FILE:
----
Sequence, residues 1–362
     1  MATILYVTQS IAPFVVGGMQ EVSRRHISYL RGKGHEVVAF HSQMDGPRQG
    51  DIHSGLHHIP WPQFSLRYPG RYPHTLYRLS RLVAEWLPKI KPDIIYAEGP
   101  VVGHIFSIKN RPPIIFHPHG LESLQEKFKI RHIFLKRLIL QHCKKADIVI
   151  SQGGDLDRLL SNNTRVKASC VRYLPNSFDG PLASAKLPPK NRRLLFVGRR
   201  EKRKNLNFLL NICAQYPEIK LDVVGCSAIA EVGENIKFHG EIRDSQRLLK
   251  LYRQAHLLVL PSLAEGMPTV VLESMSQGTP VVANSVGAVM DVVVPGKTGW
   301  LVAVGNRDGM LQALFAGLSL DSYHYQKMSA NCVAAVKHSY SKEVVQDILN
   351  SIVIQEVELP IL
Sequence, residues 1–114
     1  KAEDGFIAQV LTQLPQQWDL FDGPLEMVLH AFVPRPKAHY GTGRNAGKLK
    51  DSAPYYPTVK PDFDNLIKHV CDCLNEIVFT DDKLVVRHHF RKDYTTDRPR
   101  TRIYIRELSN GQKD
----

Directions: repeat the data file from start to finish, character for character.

Sequence, residues 1–362
     1  MATILYVTQS IAPFVVGGMQ EVSRRHISYL RGKGHEVVAF HSQMDGPRQG
    51  DIHSGLHHIP WPQFSLRYPG RYPHTLYRLS RLVAEWLPKI KPDIIYAEGP
   101  VVGHIFSIKN RPPIIFHPHG LESLQEKFKI RHIFLKRLIL QHCKKADIVI
   151  SQGGDLDRLL SNNTRVKASC VRYLPNSFDG PLASAKLPPK NRRLLFVGRR
   201  EKRKNLNFLL NICAQYPEIK LDVVGCSAIA EVGENIKFHG EIRDSQRLLK
   251  LYRQAHLLVL PSLAEGMPTV VLESMSQGTP VVANSVGAVM DVVVPGKTGW
   301  LVAVGNRDGM LQALFAGLSL DSYHYQKMSA NCVAAVKHSY SKEVVQDILN
   351  SIVIQEVELP IL
Sequence, residues 1–114
     1  KAEDGFIAQV LTQLPQQWDL FDGPLEMVLH AFVPRPKAHY GTGRNAGKLK
    51  DSAPYYPTVK PDFDNLIKHV CDCLNEIVFT DDKLVVRHHF RKDYTTDRPR
   101  TRIYIRELSN GQKD